The ARRC, a public corporation owned by the state of Alaska, has been working with the municipality on a redevelopment strategy for the Ship Creek area. A master plan is now complete, Flint said.

Within that plan is the construction of a new intermodal facility at Ship Creek. The facility will include a new depot and parking garage. It could also include a skywalk connecting the depot with E Street and downtown Anchorage, but inclusion of the skywalk into the depot's design is dependent upon further action from the municipality, Flint said in an interview.

The estimated cost of that project is $40 million, and bidding for the engineering phase will begin within weeks.

Flint discussed numerous other projects including some intended to realign and straighten the track. He said sections between Anchorage and Wasilla will be targeted as ARRC attempts to cut travel time along that route.

"Our goal is to reduce our running time between Anchorage and Wasilla by 40 minutes," he said. This would make a commuter rail trip competitive with driving a car to the Matanuska-Susitna area, he said.

To do this, Flint said workers would work to straighten out curves in the line, install continuously welded track, and signalize the train service so that trains could run faster.

ARRC has work scheduled for about a dozen other projects next year, including the construction of a new operations center, a yard expansion, and the drafting of a master plan for a depot in Whittier.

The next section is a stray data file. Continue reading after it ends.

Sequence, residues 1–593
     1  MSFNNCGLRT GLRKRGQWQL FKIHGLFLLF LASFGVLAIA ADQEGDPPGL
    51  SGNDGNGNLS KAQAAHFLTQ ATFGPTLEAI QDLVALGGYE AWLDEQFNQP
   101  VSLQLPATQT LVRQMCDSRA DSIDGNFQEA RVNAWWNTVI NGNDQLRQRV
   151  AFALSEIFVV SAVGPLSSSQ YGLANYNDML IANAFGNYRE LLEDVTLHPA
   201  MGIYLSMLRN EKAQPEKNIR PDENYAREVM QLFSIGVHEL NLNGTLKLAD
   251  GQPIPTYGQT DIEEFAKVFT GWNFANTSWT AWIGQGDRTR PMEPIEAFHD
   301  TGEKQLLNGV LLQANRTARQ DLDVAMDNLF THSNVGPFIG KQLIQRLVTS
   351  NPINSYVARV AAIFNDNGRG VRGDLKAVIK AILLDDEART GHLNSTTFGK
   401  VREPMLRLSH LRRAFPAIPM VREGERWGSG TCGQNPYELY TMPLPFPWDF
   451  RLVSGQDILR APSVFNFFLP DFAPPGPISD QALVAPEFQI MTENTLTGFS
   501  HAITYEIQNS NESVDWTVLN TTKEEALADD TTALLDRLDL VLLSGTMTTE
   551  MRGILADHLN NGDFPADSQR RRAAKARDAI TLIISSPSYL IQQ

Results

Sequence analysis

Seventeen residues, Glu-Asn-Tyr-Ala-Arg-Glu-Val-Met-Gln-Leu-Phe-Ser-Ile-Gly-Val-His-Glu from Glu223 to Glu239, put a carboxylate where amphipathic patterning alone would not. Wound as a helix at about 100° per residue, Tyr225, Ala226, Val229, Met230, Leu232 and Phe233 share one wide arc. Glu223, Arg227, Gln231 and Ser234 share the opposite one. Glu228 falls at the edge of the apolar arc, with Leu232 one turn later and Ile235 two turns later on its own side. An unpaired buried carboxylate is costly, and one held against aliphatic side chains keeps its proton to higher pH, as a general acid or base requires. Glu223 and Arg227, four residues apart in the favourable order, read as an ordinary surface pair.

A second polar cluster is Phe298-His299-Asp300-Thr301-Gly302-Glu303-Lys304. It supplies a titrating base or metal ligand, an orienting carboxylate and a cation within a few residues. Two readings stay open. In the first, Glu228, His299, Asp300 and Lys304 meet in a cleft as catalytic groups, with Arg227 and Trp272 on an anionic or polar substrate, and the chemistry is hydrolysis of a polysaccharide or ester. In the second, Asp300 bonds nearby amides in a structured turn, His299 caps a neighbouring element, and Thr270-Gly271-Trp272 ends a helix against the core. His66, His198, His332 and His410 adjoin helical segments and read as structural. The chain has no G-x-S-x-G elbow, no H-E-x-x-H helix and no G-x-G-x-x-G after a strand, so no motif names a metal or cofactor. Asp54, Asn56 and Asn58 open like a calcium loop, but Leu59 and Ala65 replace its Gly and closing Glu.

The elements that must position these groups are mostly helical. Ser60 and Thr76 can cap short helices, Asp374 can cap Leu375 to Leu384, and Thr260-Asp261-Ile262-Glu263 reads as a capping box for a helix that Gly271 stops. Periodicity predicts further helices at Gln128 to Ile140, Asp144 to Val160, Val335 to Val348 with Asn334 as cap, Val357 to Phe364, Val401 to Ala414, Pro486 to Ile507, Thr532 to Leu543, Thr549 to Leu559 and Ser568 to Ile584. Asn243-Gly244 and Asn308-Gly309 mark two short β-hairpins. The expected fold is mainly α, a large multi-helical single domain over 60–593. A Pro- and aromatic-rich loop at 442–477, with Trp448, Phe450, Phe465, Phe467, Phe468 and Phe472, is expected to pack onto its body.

"Whittier is very important to the railroad because that's our link to the outside world," Flint said, pointing out that ARRC has a barge for loading and unloading cars there.

Flint also announced that ARRC has just signed a contract for the construction of a new intermodal facility in Fairbanks, including a new depot.

Corps projects

In a separate presentation, Stephen Boardman spoke on behalf of the Alaska District of the U. S. Army Corps of Engineers.

Boardman, deputy chief of the Project Management Division, unveiled the Corps of Engineers' workload, which includes numerous projects slated for Fort Wainwright, including the design of a DTA Battle Area Complex, construction of military operations courses and facilities, and an Alert Holding Area.

Each of those projects would cost at least $25 million, according to the project list handed out by Boardman, which also listed 20 other projects scheduled for this year. The project locations reveal that major bases as well as more remote facilities will receive attention.

"We're doing environmental work mainly on the outer edges," Boardman said, standing next to a map displaying project locations around the state. "Then military operations construction, maintenance construction, (is) going on in the more active (facilities)."

Boardman pointed out that these projects continue to have a tremendous impact on the state's economy.

"We've anticipated putting $667 million into the economy this year," he said. "That's payments to contractors, payments to designers, payroll. Next year, we're anticipating about the same amount."

Boardman said that the Corps is continuing to hold "brown bag" meetings for interested parties. The meetings are held in both Anchorage and Fairbanks, he said, and those interested should contact Project Management so their names can be added to the mailing list.

"Our goal is to keep you folks current on what work is coming up so you can prepare for it," Boardman told those in attendance.

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How much of an impact do you think this will have in the long run? More jobs, pollution, shift in the economy. And Urbanwise could it revolutionize the area?